Metabolic engineering

Metabolic engineering is the use of genetic engineering to modify the metabolism of an organism. It can involve the optimization of existing biochemical pathways or the introduction of pathway components, most commonly in bacteria, yeast or plants, with the goal of high-yield production of specific metabolites for medicine or biotechnology.

Latest Research and Reviews

News and Comment

  • News and Views |

    Islet of Langerhans transplantation as a cell therapy for type 1 diabetes faces obstacles that have prevented full and lasting engraftment in the liver, the currently preferred implantation site in clinical practice. Yu and colleagues circumvent these issues and achieve stable diabetes reversal by transplanting islets encapsulated in a simple collagen-based matrix into the more accessible subcutaneous space.

    • Thierry Berney
    •  & Ekaterine Berishvili
    Nature Metabolism 2, 993-994
  • News and Views |

    Macrocyclic peptide natural products are important medicinal compounds. The catalytic properties of an unusual peptide cyclase enzyme have recently been described — providing opportunities for the engineering and synthesis of structurally complex peptides with novel biological activities.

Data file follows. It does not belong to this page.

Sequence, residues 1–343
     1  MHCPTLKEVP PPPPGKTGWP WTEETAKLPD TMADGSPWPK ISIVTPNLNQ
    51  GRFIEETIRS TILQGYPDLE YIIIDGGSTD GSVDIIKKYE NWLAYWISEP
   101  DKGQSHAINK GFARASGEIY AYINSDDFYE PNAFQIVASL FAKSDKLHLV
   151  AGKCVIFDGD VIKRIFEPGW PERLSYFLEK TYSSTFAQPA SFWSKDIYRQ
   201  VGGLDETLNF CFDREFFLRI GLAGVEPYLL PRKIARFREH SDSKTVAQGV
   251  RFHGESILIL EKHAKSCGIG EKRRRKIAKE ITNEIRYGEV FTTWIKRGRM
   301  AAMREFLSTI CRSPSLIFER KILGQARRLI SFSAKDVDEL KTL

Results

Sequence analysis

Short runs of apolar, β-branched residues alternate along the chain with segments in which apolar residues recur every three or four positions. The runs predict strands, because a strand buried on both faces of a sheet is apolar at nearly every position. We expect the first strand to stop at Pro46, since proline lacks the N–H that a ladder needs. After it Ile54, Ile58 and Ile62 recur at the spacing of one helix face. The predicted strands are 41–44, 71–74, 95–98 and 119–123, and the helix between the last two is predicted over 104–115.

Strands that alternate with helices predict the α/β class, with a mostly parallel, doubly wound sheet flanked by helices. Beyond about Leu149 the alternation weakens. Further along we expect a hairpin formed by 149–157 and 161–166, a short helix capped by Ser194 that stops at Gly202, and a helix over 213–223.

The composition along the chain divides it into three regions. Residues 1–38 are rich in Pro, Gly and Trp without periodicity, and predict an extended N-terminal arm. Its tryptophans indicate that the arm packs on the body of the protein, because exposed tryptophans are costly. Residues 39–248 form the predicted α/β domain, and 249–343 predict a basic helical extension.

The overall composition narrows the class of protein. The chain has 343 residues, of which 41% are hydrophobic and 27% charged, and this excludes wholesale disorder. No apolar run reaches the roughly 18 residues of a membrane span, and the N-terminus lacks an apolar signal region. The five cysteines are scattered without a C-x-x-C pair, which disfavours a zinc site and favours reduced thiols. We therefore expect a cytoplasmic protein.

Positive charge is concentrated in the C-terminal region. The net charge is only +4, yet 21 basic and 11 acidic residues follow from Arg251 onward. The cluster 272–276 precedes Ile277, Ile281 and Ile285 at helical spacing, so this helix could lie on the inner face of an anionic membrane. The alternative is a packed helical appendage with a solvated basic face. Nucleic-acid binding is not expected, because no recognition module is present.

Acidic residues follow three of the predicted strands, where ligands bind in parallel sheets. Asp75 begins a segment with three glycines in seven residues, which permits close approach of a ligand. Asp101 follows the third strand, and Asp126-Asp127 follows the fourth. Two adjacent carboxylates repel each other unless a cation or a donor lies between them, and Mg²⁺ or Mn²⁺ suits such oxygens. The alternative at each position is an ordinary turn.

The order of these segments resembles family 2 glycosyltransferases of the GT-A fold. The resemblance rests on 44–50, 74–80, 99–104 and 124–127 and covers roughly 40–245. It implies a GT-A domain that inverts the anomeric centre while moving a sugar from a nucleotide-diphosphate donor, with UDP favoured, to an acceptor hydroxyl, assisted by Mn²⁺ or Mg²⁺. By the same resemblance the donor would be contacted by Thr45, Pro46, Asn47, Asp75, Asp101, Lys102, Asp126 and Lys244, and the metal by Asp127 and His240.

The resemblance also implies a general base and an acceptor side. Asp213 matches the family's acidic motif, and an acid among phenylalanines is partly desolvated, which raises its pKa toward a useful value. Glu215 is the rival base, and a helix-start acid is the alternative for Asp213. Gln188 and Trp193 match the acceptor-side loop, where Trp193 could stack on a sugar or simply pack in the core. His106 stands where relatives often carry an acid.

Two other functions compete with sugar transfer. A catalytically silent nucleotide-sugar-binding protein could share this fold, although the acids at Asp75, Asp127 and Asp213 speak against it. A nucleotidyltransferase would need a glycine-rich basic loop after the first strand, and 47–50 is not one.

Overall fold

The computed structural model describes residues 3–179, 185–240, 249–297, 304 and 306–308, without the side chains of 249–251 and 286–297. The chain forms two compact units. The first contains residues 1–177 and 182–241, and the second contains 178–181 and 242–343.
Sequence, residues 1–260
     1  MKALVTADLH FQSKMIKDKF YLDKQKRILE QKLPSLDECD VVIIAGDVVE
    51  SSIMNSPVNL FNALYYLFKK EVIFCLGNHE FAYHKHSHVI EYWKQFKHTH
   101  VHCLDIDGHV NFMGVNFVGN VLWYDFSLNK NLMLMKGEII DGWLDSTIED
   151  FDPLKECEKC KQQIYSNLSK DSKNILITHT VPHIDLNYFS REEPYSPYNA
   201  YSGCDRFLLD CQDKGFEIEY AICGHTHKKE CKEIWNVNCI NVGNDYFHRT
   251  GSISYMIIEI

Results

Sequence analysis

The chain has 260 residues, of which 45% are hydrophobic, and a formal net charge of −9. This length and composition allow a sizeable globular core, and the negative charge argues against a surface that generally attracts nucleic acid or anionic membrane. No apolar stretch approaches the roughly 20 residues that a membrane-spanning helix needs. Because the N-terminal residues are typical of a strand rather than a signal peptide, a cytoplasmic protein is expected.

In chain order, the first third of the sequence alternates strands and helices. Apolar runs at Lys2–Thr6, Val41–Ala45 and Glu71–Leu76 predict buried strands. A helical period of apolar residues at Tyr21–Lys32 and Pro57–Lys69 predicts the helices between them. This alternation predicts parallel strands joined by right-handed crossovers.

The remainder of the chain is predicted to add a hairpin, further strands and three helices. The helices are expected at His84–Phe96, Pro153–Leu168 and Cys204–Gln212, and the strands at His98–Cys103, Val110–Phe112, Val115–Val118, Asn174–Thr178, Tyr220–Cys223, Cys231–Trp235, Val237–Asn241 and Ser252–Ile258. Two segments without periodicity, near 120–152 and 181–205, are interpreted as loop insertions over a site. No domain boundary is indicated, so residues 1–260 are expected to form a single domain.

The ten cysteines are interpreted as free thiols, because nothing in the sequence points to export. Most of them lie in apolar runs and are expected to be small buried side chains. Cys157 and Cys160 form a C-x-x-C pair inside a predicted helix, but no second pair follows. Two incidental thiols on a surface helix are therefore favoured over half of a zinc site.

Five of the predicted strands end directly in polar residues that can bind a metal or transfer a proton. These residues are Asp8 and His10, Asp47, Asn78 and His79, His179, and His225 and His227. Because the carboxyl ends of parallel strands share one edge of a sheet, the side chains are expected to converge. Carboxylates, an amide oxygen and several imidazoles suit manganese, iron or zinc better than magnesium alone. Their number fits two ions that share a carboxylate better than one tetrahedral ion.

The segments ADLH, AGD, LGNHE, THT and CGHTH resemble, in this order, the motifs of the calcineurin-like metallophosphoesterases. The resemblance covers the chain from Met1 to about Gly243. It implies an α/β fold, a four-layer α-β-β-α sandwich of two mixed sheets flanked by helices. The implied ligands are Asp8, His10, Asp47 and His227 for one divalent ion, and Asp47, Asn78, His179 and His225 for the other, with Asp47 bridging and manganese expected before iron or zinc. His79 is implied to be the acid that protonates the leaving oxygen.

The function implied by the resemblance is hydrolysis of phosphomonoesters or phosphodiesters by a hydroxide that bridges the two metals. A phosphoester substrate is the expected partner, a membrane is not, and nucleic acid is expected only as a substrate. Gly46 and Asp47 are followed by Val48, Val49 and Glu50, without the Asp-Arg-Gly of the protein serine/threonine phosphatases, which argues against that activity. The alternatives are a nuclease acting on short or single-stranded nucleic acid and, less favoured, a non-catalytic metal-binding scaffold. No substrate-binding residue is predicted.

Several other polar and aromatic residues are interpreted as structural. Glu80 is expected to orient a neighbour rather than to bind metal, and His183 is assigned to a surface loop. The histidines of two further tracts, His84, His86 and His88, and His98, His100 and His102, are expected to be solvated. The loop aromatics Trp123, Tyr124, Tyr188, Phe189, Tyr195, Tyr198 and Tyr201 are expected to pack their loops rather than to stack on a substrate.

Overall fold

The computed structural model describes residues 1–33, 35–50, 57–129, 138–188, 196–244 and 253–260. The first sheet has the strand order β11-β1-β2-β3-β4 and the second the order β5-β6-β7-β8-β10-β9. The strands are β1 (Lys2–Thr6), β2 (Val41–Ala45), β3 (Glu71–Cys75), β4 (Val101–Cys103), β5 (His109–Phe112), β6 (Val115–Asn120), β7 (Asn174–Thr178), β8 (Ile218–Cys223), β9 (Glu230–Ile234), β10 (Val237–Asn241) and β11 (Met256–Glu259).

• Mohamed A. Attia
    •  & Christopher J. Thibodeaux
    Nature Catalysis 3, 476-477
  • News and Views |

    Whereas textbooks depict metabolism in perfect homeostasis, disturbances occur in real life. One particularly relevant disturbance, caused by excess food and alcohol consumption and exacerbated by genetics, is reductive stress. New work by Goodman et al. identifies a biomarker of reductive stress and uses a gene therapy solution in mice. This work suggests how exercise and an accessible nutritional technology can synergistically increase catabolism and relieve reductive stress.

    • Collin D. Heer
    •  & Charles Brenner
    Nature Metabolism 2, 485-486